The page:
Thus, the applied voltage can be switched between Vmonitor and Vpolishing to produce a smooth, planar, and non-recessed surface on the wafer. By way of example, assume that a wafer is being electropolished. As such, Vpolishing is applied to remove the metal layer from the wafer. During this time, the electropolishing resistance R is monitored. As described above, as the metal layer is removed from the wafer, the electropolishing resistance R increases. More particularly, as the metal layer is removed, the barrier layer underneath the metal layer becomes exposed. As described above, the barrier layer typically has a significantly greater electrical resistance than the metal layer. Consequently, as more of the barrier layer is exposed, the more the increase in electropolishing resistance R. When the electropolishing resistance R rises above the preset resistance R01, then the applied voltage V is reduced to Vmonitor. As described above, Vmonitor is sufficiently low that the electropolishing resistance R can be monitored while removing only a small amount of the metal layer from the wafer. By continuing to monitor the electropolishing resistance R, patches or sections of metal layers remaining on the wafer can be detected. More particularly, the electropolishing resistance R will decrease in these regions. If electropolishing resistance R falls below R02, then the applied voltage V is increased to Vpolishing. By adjusting R01 and R02, the electropolishing process can be tuned to produce a smooth, planar, and non-recessed surface on the wafer.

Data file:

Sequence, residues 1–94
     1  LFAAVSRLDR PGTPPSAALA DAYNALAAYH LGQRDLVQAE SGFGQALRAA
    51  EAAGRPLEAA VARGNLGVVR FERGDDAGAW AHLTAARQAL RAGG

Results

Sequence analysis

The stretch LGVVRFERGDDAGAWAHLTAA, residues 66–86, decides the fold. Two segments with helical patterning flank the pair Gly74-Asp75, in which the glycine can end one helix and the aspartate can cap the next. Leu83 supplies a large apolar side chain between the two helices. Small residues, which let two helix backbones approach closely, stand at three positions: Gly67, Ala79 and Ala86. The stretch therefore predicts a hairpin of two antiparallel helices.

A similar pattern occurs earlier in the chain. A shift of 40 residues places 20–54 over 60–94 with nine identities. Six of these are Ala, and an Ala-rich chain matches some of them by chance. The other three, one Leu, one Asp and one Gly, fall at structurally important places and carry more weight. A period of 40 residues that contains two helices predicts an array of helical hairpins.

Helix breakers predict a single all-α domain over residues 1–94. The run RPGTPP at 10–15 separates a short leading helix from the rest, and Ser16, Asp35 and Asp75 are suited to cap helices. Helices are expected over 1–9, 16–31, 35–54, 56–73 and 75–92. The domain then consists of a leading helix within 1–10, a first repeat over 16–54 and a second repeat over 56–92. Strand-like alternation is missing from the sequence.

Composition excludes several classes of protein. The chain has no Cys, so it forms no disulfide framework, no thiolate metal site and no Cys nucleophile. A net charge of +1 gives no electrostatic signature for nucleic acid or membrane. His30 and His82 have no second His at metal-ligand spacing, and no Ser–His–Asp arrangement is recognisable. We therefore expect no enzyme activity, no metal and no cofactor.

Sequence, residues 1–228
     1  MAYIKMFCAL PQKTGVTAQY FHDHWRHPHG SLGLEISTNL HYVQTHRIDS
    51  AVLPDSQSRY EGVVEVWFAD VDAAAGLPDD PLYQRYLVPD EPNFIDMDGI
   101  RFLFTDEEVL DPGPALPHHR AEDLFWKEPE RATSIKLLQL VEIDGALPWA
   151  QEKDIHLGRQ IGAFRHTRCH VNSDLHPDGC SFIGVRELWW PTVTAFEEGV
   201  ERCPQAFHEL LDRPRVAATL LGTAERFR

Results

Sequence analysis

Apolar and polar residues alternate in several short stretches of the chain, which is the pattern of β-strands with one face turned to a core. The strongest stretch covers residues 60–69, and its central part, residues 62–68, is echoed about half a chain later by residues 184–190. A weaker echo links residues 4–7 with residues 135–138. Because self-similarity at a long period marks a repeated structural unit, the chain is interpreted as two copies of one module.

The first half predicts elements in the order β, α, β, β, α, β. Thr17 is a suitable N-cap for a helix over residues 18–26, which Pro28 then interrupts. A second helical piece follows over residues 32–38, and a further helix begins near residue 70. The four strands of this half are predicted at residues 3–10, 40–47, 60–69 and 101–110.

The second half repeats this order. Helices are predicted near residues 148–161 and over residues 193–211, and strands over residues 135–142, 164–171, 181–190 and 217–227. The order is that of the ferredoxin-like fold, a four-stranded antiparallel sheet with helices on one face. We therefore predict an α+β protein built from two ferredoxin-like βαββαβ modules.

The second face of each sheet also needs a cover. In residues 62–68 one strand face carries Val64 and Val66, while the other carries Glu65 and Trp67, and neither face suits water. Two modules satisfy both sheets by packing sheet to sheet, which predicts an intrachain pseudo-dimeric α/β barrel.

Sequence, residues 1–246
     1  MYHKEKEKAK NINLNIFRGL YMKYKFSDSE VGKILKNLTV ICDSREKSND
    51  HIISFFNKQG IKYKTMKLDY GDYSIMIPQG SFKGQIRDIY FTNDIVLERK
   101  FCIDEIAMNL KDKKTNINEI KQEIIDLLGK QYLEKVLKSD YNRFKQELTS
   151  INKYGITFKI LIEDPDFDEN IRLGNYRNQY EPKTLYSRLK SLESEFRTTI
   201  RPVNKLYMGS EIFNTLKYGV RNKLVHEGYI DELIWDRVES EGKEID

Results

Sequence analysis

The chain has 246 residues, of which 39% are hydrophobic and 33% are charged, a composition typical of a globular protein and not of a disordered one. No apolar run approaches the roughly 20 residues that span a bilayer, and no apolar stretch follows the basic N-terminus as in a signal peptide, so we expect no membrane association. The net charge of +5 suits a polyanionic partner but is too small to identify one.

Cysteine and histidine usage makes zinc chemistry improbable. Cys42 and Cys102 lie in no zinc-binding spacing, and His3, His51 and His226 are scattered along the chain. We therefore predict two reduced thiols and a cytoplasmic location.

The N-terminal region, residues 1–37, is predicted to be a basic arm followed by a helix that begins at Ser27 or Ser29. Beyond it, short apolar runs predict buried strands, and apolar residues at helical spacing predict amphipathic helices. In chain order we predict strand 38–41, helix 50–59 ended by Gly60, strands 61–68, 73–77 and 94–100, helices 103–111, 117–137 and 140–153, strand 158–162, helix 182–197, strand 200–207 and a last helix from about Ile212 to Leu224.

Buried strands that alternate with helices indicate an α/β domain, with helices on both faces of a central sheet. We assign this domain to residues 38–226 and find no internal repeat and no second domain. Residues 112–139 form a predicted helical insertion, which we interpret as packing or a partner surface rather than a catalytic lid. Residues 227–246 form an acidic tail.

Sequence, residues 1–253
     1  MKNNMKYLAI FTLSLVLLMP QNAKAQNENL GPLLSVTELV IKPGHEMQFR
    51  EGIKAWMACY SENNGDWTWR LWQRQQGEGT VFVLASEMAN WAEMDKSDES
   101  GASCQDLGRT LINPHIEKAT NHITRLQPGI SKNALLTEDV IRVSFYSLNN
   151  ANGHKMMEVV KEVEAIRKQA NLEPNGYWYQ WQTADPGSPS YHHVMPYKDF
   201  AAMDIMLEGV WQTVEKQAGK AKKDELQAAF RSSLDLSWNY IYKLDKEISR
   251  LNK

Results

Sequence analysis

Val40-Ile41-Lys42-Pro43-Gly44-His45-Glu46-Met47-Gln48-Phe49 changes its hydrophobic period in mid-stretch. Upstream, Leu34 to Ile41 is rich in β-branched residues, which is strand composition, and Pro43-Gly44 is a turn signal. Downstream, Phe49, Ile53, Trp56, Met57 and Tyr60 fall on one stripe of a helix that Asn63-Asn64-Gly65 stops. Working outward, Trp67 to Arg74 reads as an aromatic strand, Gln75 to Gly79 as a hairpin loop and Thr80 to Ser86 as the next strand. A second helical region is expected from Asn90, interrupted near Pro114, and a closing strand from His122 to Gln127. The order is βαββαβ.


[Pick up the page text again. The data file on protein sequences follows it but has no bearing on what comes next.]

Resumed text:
When using a pulse power supply in a constant current mode with a constant duty cycle, the polishing current I can be controlled using the following formula: I = { I polishing , when R < R 02 I monitor , when R > R 01

Where, Ipolishing is the current applied during normal electropolishing, such as the currents in the polishing regions depicted in FIGS. 55 and 56. Imonitor is the current applied during end-point detection, such as the currents in the etching regions depicted in FIGS. 55 and 56. R is the electrical resistance monitored during end-point detection. As described above, the electropolishing resistance R can be determined by monitoring the applied voltage V and current I. More particularly, the electropolishing resistance R can be determined by dividing the applied voltage by the applied current (i.e., V/I), where the applied voltage V is measured when the pulse is on or high. R01 is the predetermined resistance at which the applied current is reduced from Ipolishing to Imonitor. R02 is the predetermined resistance at which the applied current is increased from Imonitor to Ipolishing.